Came across this awesome book review of, “The Design of Everyday Things“, through Week 9 of HackDesign.org.
The designer’s job is to communicate what the device or a piece of software can do, and how the user can go about using those features. The flow of interactions should also be designed in a way that minimizes room for error. The interface should guide the user through the use of the device and protect them from straying aside and bumping into errors. Failure to do this results in products that are confusing and frustrating to use.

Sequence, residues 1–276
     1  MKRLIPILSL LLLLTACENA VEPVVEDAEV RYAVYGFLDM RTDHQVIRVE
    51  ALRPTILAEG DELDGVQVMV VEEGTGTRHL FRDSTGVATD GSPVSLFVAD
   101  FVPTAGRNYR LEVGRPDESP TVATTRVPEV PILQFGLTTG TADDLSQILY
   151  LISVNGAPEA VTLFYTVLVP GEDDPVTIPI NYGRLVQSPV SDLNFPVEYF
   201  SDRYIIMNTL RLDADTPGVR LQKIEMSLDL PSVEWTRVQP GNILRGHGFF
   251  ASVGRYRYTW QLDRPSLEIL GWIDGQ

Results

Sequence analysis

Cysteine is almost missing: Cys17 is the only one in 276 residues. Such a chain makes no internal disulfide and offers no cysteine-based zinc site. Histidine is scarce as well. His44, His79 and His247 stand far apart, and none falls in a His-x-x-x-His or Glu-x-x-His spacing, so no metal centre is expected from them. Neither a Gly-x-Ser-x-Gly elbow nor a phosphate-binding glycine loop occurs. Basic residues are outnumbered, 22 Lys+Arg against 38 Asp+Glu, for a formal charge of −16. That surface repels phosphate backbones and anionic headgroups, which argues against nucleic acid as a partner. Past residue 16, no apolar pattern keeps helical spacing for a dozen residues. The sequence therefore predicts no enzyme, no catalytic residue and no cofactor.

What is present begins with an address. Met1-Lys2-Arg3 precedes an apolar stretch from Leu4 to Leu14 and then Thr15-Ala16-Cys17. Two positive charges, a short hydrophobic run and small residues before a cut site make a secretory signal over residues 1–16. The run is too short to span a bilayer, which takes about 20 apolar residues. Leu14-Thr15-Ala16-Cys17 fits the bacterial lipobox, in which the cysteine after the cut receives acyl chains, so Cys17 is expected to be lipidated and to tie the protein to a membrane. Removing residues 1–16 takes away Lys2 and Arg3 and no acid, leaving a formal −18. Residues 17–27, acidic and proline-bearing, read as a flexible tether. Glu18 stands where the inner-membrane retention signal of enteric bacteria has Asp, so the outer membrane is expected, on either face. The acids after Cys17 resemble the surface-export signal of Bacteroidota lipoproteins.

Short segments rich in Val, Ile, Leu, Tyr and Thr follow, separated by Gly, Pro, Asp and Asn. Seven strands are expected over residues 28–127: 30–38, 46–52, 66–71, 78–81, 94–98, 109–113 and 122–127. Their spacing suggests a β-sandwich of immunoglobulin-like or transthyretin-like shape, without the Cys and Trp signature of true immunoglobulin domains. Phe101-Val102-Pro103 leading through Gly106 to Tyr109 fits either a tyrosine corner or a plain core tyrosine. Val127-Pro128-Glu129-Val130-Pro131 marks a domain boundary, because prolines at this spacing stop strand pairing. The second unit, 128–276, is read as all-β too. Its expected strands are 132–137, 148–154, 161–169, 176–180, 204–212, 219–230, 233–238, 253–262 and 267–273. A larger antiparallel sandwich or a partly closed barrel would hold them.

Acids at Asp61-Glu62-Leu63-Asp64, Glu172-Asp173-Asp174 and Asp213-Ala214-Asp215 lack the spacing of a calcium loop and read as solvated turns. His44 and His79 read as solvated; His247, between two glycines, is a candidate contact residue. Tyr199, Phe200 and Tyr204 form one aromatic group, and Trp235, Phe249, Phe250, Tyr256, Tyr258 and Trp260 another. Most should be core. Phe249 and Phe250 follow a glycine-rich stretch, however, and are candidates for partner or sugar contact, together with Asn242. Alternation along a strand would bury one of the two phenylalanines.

The designer is to blame [for user mistakes] because they produced something that’s not easy to understand or something that lets errors and misuse happen. If we have trouble using something then it’s probably because that thing is badly designed, rather than us being stupid.
The designer isn’t there to merely produce something to spec, or something that they would want to use themselves—the designer is there to guide the user through the experience from the first moment that person sees the device or a piece of software.
Sounds like a good book to read! Will have to add it to my reading list =)